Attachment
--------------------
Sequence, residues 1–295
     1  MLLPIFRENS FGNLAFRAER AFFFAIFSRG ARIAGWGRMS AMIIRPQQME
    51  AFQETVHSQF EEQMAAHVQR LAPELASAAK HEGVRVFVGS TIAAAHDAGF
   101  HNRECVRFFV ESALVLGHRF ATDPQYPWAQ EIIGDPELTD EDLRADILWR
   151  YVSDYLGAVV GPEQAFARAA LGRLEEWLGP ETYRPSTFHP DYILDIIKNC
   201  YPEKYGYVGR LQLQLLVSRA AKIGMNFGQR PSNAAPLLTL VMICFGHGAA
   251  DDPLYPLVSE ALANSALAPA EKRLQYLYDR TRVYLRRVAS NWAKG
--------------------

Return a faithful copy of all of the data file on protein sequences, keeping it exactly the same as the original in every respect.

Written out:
Sequence, residues 1–295
     1  MLLPIFRENS FGNLAFRAER AFFFAIFSRG ARIAGWGRMS AMIIRPQQME
    51  AFQETVHSQF EEQMAAHVQR LAPELASAAK HEGVRVFVGS TIAAAHDAGF
   101  HNRECVRFFV ESALVLGHRF ATDPQYPWAQ EIIGDPELTD EDLRADILWR
   151  YVSDYLGAVV GPEQAFARAA LGRLEEWLGP ETYRPSTFHP DYILDIIKNC
   201  YPEKYGYVGR LQLQLLVSRA AKIGMNFGQR PSNAAPLLTL VMICFGHGAA
   251  DDPLYPLVSE ALANSALAPA EKRLQYLYDR TRVYLRRVAS NWAKG